Professor Ron Folman leads me down a few staircases of the science building of Ben Gurion University (BGU) in the southern Israeli city of Be'er Sheva to show me his million-dollar, state-of-the-art nanotech laboratory.
It feels like we're descending to some basement bomb shelter of an old Israeli building. Actually, we are. Very recently, the laboratory was a bomb shelter. And despite the double doors leading to a white, clean room with an air-pressurized system to keep the expensive equipment immaculate, there is still a feel of the makeshift here, in the wall coverings, in the tiled ceilings, in the fact that it was formerly a bomb shelter before Folman came along.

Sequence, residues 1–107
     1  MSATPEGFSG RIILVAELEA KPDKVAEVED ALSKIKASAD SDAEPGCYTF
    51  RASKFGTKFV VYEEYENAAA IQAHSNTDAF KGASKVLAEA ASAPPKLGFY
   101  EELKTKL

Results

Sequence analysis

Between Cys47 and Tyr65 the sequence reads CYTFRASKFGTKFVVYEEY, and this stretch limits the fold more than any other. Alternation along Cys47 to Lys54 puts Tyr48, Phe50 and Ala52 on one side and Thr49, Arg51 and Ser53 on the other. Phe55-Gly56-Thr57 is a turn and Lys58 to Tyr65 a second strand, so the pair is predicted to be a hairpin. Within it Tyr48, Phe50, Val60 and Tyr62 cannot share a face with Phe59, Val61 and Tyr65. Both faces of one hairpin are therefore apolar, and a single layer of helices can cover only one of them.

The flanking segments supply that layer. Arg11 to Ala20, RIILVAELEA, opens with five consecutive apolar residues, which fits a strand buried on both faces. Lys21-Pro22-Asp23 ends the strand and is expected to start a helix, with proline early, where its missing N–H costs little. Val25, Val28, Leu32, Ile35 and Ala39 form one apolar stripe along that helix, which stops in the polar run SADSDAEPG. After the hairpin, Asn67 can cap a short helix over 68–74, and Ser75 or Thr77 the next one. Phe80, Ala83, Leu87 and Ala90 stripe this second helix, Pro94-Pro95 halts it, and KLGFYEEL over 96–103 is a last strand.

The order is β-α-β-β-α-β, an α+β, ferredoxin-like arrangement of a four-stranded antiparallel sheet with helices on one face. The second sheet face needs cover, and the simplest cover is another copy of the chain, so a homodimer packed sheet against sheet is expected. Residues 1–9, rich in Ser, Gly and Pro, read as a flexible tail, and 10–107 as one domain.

"Building a lab was the condition for me to do my high-tech here," said Folman, a scientist in his 40s who is darkly handsome in a 1970s professorial way. Sometimes it's "frustrating," added the head of the Atom Chip Laboratory, to make do with a lab that's been improvised into a basement bomb shelter, "but in the big picture we're doing more than science. We're helping the Negev and making a difference. These are not just words for me."